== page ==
Some horses like to stay in the pack of horses where they feel comfortable while more dominant horses usually like to be out in front leading the group. While a leading horse is usually a bold horse when it comes to crossing obstacles, these horses can sometimes start a ruckus if they are stuck behind another horse.

Doing group exercises beforehand that will help your horse learn to stay calm even if they’re stuck in the back can make a real difference on the trail. dedicate time to training in the arena and working out the quirks that may come out on the trail.

TIP 6: Respect The Abilities of Other Riders In Your Group

Growing up, I went on a group trail ride with a bunch of kids from the lesson barn. We consistently rode together and would gallop around the fields bareback…oh to be young. One day, we ran into another rider from the stable out on the trail. She insisted on joining our group. No one really knew what her riding level was, but when we went galloping up the hill as a group and soon found out.

Long story short, she fell off her horse and never rode again. To this day I still feel bad about pushing her to do something she wasn’t ready for and not taking the time to learn what her experience level was.

The fact of the matter is a trail ride can become dangerous for someone who is being pushed by the rest of the group to do something that they don’t have the capability to do just yet. Respect the riders in your group and their abilities. They should be the ones to set the pace.

TIP 7: Never Tie Your Reins to a Tree

One principle that is known as basic horse knowledge is to never tie your horse off using the reins. The reins are connected to the bit; if the horse were to freak out and pull back while being tied, they could easily do damage to their mouth.

For this reason, I recommend always carrying a halter and lead rope with you if you are going on the trail. You’d be surprised at the number of times you may have to dismount and tie your horse off. Bringing a halter along will make things much more manageable when this happens.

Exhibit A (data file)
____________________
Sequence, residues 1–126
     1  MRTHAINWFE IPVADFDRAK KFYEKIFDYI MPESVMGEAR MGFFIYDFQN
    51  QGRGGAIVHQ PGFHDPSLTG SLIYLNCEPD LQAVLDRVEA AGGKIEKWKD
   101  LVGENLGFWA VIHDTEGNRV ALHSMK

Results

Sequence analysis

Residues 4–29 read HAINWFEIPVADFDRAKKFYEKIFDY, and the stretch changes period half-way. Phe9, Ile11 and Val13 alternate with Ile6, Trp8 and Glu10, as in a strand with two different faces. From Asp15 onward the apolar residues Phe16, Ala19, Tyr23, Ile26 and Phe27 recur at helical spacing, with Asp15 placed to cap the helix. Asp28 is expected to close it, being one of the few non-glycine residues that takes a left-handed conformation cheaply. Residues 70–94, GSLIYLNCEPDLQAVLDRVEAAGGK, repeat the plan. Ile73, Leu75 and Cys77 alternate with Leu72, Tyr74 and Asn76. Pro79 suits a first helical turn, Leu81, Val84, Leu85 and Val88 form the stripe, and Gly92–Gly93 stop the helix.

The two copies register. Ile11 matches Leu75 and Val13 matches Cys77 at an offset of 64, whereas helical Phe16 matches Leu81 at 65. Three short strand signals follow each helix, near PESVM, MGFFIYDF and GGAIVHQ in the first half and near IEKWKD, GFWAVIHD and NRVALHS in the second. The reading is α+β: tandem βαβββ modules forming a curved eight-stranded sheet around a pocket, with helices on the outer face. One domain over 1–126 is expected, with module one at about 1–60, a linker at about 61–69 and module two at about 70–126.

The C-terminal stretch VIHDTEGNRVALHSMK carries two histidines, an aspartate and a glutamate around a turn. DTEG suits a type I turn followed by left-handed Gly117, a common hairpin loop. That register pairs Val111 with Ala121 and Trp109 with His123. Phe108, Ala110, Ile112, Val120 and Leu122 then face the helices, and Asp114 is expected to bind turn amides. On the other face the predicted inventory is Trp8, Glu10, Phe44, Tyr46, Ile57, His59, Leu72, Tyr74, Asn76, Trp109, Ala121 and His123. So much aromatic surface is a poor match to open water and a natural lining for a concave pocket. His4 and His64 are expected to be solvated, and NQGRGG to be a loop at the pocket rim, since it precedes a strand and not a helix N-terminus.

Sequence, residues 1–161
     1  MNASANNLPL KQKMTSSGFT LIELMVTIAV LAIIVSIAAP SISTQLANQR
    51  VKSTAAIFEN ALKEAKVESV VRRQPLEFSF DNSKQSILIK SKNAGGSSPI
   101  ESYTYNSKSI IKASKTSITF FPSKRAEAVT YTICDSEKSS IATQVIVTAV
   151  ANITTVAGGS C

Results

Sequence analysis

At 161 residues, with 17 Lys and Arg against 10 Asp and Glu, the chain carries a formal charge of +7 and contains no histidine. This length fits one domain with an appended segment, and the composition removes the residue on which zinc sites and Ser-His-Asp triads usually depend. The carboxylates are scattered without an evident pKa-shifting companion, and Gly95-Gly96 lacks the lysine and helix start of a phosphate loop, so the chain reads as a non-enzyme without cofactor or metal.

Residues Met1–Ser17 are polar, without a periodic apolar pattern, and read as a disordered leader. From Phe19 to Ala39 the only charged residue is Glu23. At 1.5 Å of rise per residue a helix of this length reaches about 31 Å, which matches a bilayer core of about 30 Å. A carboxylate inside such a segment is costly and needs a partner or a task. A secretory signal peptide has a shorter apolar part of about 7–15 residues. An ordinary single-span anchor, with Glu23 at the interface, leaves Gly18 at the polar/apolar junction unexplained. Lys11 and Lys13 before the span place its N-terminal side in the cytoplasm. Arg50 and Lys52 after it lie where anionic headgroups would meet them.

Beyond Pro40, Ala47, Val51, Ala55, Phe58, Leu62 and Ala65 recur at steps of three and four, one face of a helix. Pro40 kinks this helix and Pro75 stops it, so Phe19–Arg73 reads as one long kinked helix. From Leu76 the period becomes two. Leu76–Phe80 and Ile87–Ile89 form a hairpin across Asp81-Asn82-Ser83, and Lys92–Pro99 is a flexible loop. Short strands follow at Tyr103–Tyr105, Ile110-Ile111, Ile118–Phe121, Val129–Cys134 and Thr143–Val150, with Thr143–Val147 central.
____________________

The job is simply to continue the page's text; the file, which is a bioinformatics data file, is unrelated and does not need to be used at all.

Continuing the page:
TIP 8: Have Your Horse Wear a Halter Over Their Bridle

When I go out on a trail ride, I always put the horse’s halter back on over their bridle and tie the lead rope off to the saddle. I do this for a number of reasons. Firstly, as mentioned in the above point, it makes it easier and safer to tie your horse off to trees and objects.

Secondly, if your horse is acting up on the trail, you can easily hop off and do groundwork using the halter they have on. This will get your horse focusing back on you and the commands you are giving. This is great for green horses or horses that haven’t been out on the trail much before. If you’re interested in learning basic groundwork techniques, click here.

Thirdly, having a halter already on your horse will make it easier to catch the horse if you fall and the horse takes off. It will also make it easier for ponying or helping another horse and rider who may need to be led through an obstacle.

TIP 9: Know Your One-Rein Stop

The first thing I teach anyone who is getting on a horse for the first time is how to do a one-rein stop. A one-rein stop is considered the emergency brake to your horse. This stop is done by grabbing one rein specifically and pulling the horse’s head around and to your knee.

This motion keeps your horse from being able to bolt, buck, or rear. Unfortunately, things happen on the trail that will sometimes startle your horse or cause them to act up. Knowing how to do a one-rein stop will save you from potential disaster and will allow you to get control of your horse.

TIP 10: Make Sure Your Horse is Physically Fit

Back when I was young and reckless, I competed in hunter paces. My partner and I’s goal was to always finish in record time. This took place in the mountains of Virginia, covering steep inclines and declines and plenty of trails to gallop through.

One time, we started out fast and covered ground quickly; however, halfway through, my horse was done. She could barely make it up a hill. I realized that she wasn’t as physically fit as I thought she was.

This can potentially be dangerous to your horse. Overworking your horse on a trail they’re not prepared for can cause injuries to their ligaments and tendons as well as cause them to have sore muscles or even tie up. The last thing you want to happen is to have your horse give up on you miles from home with no way to get back.

TIP 11: Be Prepared to Face Obstacles That Your Horse Isn’t Used Too

The great thing about trail riding is it introduces your horse to many things they may not come across in daily life. It gives them new obstacles to go through and new challenges to overcome. That being said, your horse isn’t always going to handle these new things with ease.